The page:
Updated: Aug 6, 2018
The Talent Code, by Daniel Coyle.
A very readable book on what it takes to become great at any skill, with many lessons applicable to day-to-day learning in schools.
Mindset: The New Psychology of Success, by Carol Dweck.
What is the difference between individuals who are eager to tackle new challenges, and to learn from mistakes, and those who give up and don’t try when things get difficult? And what can we do, as parents and teachers, to foster the right attitudes in children?
Drive: The Surprising Truth About What Motivates Us, by Daniel H. Pink.
A book with many implications for teaching well. Pink argues for more autonomy, purpose and mastery in life and in learning.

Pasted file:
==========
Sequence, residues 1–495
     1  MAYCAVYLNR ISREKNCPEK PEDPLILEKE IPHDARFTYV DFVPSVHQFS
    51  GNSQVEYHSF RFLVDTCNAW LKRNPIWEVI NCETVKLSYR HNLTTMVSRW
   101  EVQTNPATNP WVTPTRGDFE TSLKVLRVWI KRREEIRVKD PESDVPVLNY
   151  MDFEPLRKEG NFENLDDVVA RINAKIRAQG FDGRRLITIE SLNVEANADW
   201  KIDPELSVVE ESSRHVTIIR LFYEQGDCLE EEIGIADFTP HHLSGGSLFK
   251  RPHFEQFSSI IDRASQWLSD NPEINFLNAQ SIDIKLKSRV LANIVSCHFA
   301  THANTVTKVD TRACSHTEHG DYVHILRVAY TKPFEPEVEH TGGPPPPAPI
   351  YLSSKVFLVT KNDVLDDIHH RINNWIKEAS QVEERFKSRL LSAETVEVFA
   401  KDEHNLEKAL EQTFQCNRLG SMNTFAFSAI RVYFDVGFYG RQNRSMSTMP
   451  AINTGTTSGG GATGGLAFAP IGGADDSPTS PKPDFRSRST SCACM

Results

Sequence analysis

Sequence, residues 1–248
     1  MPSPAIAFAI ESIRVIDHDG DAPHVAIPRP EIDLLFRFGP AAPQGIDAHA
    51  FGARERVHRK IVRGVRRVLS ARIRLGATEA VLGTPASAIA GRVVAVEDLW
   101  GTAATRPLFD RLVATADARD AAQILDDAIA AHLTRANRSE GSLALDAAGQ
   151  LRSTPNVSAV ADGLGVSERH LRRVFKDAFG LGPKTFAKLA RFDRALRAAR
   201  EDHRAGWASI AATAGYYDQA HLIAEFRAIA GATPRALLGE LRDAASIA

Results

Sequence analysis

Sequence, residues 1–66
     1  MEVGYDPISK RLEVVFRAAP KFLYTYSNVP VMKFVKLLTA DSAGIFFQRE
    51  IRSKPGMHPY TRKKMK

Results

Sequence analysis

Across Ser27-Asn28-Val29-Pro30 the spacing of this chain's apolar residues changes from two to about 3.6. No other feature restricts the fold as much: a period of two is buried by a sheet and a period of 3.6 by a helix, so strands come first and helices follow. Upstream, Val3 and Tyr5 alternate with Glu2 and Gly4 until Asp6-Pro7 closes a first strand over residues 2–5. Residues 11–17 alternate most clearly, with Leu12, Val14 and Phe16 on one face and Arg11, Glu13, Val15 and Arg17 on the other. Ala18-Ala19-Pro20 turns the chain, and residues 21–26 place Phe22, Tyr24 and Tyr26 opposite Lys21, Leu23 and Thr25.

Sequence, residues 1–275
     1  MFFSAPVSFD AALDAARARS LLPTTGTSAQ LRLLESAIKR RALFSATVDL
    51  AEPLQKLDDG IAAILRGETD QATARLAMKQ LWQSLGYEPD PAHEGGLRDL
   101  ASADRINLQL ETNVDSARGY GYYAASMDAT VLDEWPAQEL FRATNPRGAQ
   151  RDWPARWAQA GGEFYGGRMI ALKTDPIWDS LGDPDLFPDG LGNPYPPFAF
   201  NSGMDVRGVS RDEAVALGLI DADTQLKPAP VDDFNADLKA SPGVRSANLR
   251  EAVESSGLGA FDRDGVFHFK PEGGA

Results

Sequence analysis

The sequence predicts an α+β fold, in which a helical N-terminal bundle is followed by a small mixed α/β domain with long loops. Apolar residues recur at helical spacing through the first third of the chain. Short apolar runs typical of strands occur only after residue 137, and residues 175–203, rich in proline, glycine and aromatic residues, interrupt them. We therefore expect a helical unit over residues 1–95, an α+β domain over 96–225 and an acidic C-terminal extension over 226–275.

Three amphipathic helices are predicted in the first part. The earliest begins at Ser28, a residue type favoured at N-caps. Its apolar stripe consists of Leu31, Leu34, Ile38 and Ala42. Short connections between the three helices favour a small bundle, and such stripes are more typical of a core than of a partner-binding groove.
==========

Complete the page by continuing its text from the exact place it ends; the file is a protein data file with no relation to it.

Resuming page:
Why Don’t Students Like School, by Daniel T. Willingham.
A cognitive scientist outlines why students aren’t engaged in school and aren’t learning, and discusses what we can do about it.
Positive Discipline, Jane Nelsen, Ed.D.
For twenty-five years, Positive Discipline has been the gold standard reference for grown-ups working with children. Now Jane Nelsen, distinguished psychologist, educator, and mother of seven, has written a revised and expanded edition. The key to positive discipline is not punishment, she tells us, but mutual respect. Nelsen coaches parents and teachers to be both firm and kind, so that any child–from a three-year-old toddler to a rebellious teenager–can learn creative cooperation and self-discipline with no loss of dignity.